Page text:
Geography is the study of people and their relationship with their environment, the impacts each has on the other and the challenges of managing those impacts.
You will take part in fieldwork, classroom discussions and internet research, and reflect on your own experiences: how will the changes to the planet affect you, and how are you influencing these changes?
Please note; may be required to pay course costs towards your study on this course. Click here for a full list of Course Costs
The Carbon Cycle and Energy Security
Changes to the most important stores of carbon are a result of physical and human processes. Reliance on fossil fuels has caused significant changes to carbon stores and contributed to climate change.
Globalisation and global interdependence continue to accelerate, resulting in changing opportunities for businesses and people. Inequalities are caused within and between countries as shifts in patterns of wealth occur.
Ice sheets and glaciers operate within a landscape system as glacial processes to produce distinctive landscapes. These landscapes are being changed by both physical processes and human activities which pose unique threats.
Shaping Places, focusing on regeneration
Urban and rural regeneration programmes involving a range of players involve both place making (regeneration) and place marketing (rebranding). Regeneration programmes impact variably on people.
Tectonic Processes and Hazards
An in-depth understanding of the causes of tectonic hazards is key to putting in place successful responses. Earthquakes, volcanic eruptions and secondary hazards such as tsunamis are the focus of study.
The Water Cycle and Water Insecurity
The water cycle operates at a variety of spatial scales and timescales. Water insecurity is becoming a global issue with serious consequences; there is a range of different approaches to managing water supply.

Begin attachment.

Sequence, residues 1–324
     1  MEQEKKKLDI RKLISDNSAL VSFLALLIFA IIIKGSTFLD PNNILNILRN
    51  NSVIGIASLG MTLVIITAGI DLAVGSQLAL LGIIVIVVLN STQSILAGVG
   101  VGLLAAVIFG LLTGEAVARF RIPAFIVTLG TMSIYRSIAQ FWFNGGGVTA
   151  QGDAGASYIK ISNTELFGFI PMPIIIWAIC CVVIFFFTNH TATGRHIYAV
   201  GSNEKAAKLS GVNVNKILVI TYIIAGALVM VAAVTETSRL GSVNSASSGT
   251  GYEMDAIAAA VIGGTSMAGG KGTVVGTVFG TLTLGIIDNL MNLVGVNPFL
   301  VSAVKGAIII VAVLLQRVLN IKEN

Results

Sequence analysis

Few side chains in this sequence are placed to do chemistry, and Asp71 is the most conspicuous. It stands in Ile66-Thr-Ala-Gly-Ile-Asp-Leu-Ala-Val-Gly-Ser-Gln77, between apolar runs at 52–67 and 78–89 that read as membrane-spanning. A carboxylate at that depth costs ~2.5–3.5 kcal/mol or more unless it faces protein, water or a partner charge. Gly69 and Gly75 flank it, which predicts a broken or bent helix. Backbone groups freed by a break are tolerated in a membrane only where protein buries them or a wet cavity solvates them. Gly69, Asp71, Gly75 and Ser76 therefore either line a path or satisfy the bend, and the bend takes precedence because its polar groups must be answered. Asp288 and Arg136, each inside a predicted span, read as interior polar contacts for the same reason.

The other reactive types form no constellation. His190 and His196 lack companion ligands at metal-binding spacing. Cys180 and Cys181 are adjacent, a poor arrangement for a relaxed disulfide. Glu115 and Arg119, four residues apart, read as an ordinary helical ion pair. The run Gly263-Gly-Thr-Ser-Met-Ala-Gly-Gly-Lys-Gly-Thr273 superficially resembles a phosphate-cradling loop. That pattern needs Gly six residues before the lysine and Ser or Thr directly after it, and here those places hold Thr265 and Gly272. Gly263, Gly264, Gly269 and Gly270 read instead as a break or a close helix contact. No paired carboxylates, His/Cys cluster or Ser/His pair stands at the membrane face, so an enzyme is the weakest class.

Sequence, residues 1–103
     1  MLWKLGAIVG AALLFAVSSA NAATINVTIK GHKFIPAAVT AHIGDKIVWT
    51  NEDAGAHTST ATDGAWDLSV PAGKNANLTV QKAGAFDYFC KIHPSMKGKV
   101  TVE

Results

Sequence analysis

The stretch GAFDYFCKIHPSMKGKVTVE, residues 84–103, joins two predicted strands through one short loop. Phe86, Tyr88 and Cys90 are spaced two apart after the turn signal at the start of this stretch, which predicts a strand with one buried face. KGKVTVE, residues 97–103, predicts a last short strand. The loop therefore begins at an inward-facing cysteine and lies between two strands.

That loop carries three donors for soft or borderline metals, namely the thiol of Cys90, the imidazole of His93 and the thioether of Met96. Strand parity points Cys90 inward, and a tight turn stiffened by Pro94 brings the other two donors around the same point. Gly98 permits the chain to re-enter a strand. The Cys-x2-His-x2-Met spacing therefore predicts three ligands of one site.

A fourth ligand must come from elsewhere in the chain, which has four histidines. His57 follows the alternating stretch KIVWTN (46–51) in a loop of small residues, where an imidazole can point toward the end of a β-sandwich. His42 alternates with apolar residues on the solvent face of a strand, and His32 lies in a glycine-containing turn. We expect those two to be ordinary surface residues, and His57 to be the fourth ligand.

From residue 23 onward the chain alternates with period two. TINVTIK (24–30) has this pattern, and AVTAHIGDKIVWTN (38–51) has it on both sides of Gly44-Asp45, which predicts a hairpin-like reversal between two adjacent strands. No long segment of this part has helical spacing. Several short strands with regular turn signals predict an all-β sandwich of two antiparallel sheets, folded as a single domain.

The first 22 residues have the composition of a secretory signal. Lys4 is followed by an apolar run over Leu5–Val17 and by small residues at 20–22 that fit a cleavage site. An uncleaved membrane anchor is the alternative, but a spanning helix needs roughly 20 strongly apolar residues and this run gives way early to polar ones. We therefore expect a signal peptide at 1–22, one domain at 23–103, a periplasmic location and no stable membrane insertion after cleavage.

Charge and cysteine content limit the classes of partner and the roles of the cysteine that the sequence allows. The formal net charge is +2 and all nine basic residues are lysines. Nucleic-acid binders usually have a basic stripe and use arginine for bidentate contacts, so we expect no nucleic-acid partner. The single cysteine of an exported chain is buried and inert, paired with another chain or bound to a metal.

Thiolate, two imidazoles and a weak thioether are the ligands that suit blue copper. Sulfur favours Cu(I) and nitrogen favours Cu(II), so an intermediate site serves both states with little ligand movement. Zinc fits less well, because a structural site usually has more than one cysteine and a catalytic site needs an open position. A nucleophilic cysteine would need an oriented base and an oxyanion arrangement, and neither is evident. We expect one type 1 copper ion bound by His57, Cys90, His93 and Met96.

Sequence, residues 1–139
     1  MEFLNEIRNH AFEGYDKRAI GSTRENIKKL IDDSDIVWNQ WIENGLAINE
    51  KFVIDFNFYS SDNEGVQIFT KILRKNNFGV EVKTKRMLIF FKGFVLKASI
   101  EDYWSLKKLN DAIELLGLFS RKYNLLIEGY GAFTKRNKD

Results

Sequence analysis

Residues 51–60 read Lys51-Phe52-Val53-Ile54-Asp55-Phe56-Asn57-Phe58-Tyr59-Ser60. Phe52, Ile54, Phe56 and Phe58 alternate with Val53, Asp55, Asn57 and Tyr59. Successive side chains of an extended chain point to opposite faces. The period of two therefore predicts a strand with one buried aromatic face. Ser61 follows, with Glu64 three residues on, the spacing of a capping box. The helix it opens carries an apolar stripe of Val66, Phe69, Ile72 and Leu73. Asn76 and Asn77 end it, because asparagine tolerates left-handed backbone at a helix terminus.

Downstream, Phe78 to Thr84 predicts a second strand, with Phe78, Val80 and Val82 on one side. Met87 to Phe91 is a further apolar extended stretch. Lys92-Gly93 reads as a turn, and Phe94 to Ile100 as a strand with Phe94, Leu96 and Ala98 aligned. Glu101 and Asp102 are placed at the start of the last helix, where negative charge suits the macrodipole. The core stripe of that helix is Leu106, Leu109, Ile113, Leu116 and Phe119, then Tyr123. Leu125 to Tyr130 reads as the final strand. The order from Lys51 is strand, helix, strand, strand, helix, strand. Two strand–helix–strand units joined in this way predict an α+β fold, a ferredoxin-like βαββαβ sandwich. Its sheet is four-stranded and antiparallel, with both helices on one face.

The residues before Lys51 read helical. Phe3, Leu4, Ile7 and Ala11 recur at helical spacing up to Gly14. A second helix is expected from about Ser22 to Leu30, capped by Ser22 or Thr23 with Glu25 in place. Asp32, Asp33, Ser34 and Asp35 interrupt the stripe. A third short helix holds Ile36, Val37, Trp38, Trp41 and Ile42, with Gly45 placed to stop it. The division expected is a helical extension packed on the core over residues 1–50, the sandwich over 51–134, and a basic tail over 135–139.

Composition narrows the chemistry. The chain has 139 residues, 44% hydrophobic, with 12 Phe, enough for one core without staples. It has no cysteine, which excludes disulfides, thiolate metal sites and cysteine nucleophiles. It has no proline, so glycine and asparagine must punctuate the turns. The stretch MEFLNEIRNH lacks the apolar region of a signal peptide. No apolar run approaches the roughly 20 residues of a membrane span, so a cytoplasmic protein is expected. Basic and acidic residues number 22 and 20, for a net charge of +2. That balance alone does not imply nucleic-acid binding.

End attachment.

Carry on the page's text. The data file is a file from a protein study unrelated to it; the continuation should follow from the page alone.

The pattern of superpower dominance has changed over time. Such superpowers and emerging superpowers have a very significant impact on the global economy, global politics and the environment.
Health, Human Rights and Intervention
The impact of geopolitical interventions on both human health and human rights is variable and contested, with some groups appearing to benefit disproportionately leading to injustice.
Coursework: (a 3000- to 4000-word report) is started towards the end of Year 1 and completed in Year 2 (20%)
Exam: There are three exams at the end of Year 2 (80%)
Is it for me?
You will enjoy and benefit from Geography if you:
- are interested in current affairs, especially ones which concern the environment and how humans interact with it;
- like independent research and lively debate;
- are willing to get your hands dirty during fieldwork!
There is a lot of variety, both in the range of topics covered and in the way in which they are studied. Fieldwork plays a big part in learning about the changing human and physical landscape and accounts for 20% of the final grade.
Fieldwork is integral to this course. You will take part in at least four fieldwork days which will form the basis of your coursework. Residential trips are also a strong feature of this course (currently the study of glaciation in the Lake District).
At least 7 GCSEs at Grade 4 in a range of subjects including Maths and English. A Grade 5 or equivalent is required in Geography if taken at GCSE level.